BMJ (British Medical Journal). 1987 Mar 21; 294(6574): 767.
From his perspective as a physician and as the son of an elderly, mentally incapacitated nursing home patient, the author discusses his conflicting feelings about active, voluntary euthanasia. He weighs the relief of suffering and the maintenance of dignity against religious beliefs that condemn suicide and euthanasia, the criminal status of euthanasia in Britain, and the difficulty of providing adequate safeguards against its misuse. Cohen concludes that it may be safer to combine a complete prohibition on ending life with improved care that maintains the dignity of the chronically ill and provides all reasonable relief of pain and suffering. (KIE abstract)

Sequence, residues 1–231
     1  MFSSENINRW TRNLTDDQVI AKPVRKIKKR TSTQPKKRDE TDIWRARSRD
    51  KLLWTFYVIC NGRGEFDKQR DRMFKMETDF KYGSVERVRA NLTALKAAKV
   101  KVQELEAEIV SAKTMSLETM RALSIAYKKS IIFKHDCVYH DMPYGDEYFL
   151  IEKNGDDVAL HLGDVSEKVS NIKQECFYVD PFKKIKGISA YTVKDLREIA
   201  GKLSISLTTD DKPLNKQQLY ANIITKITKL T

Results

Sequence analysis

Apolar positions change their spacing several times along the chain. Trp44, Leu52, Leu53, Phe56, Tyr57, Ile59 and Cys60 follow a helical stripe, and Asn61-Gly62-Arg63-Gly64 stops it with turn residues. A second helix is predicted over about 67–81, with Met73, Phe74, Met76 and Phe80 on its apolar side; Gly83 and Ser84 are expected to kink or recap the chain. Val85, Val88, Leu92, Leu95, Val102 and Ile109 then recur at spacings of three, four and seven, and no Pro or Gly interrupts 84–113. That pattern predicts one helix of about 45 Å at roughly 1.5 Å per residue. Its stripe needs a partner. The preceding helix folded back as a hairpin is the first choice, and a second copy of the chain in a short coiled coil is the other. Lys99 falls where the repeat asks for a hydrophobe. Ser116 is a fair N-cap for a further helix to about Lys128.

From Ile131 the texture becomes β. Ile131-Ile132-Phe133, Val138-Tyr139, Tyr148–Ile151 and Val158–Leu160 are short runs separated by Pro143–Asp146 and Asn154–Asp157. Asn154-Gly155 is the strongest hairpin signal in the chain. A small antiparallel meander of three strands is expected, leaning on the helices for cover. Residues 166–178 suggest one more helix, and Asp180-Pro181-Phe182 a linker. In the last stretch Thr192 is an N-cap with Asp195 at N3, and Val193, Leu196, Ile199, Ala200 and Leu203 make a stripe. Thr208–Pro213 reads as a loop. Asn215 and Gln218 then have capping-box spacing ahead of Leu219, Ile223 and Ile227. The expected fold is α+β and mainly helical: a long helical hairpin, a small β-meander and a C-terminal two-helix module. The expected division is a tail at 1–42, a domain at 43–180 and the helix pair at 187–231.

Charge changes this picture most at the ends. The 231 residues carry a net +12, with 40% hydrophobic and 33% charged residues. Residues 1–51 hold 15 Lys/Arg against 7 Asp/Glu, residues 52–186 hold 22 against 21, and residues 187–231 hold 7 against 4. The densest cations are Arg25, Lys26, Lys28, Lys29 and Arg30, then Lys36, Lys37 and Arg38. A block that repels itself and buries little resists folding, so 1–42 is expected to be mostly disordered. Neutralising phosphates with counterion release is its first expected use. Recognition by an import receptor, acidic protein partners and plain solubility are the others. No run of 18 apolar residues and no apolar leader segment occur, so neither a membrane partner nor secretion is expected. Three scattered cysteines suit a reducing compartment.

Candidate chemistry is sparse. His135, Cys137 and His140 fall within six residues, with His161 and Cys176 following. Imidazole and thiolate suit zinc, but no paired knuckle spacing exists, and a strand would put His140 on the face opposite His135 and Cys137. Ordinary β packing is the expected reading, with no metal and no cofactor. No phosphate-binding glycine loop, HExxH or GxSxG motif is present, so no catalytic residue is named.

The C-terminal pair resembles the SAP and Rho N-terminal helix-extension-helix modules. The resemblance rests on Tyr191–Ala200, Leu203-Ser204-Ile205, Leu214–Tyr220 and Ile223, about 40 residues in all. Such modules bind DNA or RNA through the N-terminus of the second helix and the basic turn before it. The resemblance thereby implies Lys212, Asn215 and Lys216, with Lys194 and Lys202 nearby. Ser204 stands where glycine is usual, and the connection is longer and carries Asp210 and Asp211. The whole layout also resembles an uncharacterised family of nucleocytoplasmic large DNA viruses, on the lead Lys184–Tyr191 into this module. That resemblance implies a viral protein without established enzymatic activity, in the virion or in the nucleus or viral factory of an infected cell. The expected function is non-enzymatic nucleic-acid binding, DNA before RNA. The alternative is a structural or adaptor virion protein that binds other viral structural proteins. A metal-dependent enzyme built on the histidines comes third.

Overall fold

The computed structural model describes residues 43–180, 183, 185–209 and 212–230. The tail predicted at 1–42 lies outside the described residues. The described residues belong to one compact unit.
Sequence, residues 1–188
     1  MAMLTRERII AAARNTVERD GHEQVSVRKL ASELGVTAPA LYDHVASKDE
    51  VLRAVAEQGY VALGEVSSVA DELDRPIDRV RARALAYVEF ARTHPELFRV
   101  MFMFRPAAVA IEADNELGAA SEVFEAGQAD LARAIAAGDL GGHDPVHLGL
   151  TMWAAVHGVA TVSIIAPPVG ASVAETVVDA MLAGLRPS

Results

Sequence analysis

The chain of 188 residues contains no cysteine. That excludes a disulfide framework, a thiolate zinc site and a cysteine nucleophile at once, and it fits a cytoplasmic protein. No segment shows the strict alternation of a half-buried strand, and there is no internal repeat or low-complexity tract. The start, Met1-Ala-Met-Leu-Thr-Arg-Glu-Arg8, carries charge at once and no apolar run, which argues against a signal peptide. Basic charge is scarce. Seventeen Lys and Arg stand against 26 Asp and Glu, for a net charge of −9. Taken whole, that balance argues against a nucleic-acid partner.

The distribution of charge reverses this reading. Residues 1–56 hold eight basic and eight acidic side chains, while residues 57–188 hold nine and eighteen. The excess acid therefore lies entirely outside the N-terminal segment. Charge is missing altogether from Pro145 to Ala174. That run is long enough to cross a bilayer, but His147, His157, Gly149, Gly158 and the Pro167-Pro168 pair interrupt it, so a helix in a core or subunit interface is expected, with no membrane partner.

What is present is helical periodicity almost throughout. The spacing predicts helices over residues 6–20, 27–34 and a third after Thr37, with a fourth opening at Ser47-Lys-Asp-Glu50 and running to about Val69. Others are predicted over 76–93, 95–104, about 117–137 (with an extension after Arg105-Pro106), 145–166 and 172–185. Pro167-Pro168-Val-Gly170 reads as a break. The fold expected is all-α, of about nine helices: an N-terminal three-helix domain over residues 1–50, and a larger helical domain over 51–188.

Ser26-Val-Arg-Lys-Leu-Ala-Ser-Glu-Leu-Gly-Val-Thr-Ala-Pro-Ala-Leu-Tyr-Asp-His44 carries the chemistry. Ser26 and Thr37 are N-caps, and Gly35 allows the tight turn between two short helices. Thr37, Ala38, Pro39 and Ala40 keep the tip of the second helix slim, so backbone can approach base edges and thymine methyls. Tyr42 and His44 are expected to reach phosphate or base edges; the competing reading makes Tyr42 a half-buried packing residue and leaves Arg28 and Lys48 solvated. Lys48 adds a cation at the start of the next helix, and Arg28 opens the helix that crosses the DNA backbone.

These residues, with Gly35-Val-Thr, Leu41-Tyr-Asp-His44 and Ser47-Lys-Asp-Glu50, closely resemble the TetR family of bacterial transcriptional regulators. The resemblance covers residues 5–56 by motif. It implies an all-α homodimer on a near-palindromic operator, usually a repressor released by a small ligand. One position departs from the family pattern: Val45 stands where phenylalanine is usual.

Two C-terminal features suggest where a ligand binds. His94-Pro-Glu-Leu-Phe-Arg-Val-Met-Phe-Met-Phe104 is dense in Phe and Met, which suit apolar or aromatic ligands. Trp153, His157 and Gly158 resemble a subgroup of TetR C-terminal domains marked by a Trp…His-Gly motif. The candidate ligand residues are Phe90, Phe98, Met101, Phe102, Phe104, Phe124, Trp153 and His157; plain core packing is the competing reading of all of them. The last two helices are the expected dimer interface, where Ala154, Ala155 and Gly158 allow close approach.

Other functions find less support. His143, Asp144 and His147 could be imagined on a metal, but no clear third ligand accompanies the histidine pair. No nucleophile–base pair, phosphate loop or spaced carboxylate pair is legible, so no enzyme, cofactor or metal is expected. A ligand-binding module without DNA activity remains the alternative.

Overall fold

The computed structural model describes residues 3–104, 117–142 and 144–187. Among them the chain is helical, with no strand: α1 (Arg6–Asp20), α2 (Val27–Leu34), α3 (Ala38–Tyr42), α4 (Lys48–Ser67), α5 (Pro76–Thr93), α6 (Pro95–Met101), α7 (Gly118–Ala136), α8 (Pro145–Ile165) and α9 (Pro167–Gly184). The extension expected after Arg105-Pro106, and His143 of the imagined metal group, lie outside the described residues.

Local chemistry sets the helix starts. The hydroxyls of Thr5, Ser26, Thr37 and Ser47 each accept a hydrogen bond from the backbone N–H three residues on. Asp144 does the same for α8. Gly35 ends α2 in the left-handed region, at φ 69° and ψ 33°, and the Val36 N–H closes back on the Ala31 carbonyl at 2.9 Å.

Active Euthanasia; Aged; Brain; Brain Pathology; Case Studies; Chronically Ill; Decision Making; Dementia; Euthanasia; Life; Nursing Homes; Pain; Patient Care; Prolongation of Life; Quality of Life; Right to Die; Suffering; Suicide; Terminal Care; Value of Life; Voluntary Euthanasia; Wedge Argument;
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